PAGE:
Who will the sex-offenders registry protect?

12-29-2004 Canada:

Society has always held a particular sense of revulsion toward sex offenders. Unfortunately, Canada's government, charged with the duty of protecting its people, is more ambivalent about sexual crimes and, until recently, had done little to diminish the risk sexual offenders pose to society once they are released from custody.

On Dec. 15 -- after more than a decade of lobbying by police officers, the provinces and victims' rights groups -- a national sex offender registration system finally became a reality.

A national database will allow police to track the whereabouts of convicted sex offenders once released from prison. Within 15 days of being released from jail, offenders will be required to provide local police with a current address, phone number, fingerprints, photographs and information on identifying body marks. This information, and their criminal records, will be registered and updated on an annual basis or when they move.

The good news is that this is a significant step forward in enabling police to rapidly locate likely suspects in a specific area when a sex crime has been committed or a child has been abducted. Locating potential offenders quickly is a critical factor when children go missing: It is estimated that 44% of children who are abducted for sexual assault and then killed are dead within one hour, 74% within three hours, and 91% within 24 hours.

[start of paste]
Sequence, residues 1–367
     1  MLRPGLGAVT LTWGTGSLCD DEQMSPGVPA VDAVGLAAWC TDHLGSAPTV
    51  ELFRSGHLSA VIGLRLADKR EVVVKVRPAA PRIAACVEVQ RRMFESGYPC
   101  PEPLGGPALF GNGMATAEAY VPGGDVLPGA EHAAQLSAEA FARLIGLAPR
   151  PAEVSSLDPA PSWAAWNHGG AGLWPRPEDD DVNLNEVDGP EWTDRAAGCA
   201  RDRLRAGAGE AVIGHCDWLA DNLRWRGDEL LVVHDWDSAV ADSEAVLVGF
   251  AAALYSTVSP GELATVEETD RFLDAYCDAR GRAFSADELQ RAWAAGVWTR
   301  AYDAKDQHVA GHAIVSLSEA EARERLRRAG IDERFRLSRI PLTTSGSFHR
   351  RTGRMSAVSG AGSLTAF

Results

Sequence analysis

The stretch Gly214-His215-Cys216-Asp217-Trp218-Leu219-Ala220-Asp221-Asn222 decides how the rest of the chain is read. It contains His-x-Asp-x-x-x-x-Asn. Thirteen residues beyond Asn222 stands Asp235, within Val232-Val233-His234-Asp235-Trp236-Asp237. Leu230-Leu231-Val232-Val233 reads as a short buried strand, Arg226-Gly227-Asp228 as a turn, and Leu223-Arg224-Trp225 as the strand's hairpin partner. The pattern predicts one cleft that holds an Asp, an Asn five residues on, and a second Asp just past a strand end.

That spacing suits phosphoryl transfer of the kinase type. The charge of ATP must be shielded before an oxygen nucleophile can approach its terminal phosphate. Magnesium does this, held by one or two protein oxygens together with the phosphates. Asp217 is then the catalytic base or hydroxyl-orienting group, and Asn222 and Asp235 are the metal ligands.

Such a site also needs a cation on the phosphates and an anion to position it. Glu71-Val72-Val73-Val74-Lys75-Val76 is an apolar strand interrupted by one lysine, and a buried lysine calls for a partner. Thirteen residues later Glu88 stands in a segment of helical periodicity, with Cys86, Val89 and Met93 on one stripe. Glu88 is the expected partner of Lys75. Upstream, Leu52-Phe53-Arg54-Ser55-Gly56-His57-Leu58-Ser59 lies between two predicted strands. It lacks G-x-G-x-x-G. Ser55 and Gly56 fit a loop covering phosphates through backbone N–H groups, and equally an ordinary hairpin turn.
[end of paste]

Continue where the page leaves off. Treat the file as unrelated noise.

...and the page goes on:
The bad news is that the registry may be too little, too late. Because of some inherent flaws, it won't be able to reach its full potential as a tool for public protection.

How Likely Are Sex Offenders to Repeat Their Crimes?

1-24-2008 National:

In debates over laws monitoring released sex offenders, it’s common to hear claims that they’re sure to commit more sex crimes. “‘What we’re up against is the kind of criminal who, just as soon as he gets out of jail, will immediately commit this crime again at least 90 percent of the time,” a California legislator told the New York Times in 1996. (Other examples of such rhetoric are collected here.) Fox News — like the Wall Street Journal owned by News Corp. — said of child molesters in 2005, “Not only are they almost certain to continue sexually abusing children, but some eventually kill their young victims.”